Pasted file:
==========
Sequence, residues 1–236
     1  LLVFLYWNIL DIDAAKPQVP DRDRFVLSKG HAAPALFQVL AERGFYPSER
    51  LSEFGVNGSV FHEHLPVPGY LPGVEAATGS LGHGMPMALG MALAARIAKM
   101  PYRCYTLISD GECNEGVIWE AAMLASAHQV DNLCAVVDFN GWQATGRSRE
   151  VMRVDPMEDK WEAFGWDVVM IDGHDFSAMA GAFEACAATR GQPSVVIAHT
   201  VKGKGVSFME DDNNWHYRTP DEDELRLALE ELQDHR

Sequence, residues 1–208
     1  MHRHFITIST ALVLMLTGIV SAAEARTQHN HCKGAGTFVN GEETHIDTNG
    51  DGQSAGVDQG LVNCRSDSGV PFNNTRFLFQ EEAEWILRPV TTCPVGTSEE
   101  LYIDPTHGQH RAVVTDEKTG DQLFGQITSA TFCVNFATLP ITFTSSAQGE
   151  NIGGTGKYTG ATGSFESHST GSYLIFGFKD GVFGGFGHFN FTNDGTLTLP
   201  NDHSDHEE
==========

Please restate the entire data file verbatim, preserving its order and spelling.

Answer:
Sequence, residues 1–236
     1  LLVFLYWNIL DIDAAKPQVP DRDRFVLSKG HAAPALFQVL AERGFYPSER
    51  LSEFGVNGSV FHEHLPVPGY LPGVEAATGS LGHGMPMALG MALAARIAKM
   101  PYRCYTLISD GECNEGVIWE AAMLASAHQV DNLCAVVDFN GWQATGRSRE
   151  VMRVDPMEDK WEAFGWDVVM IDGHDFSAMA GAFEACAATR GQPSVVIAHT
   201  VKGKGVSFME DDNNWHYRTP DEDELRLALE ELQDHR

Sequence, residues 1–208
     1  MHRHFITIST ALVLMLTGIV SAAEARTQHN HCKGAGTFVN GEETHIDTNG
    51  DGQSAGVDQG LVNCRSDSGV PFNNTRFLFQ EEAEWILRPV TTCPVGTSEE
   101  LYIDPTHGQH RAVVTDEKTG DQLFGQITSA TFCVNFATLP ITFTSSAQGE
   151  NIGGTGKYTG ATGSFESHST GSYLIFGFKD GVFGGFGHFN FTNDGTLTLP
   201  NDHSDHEE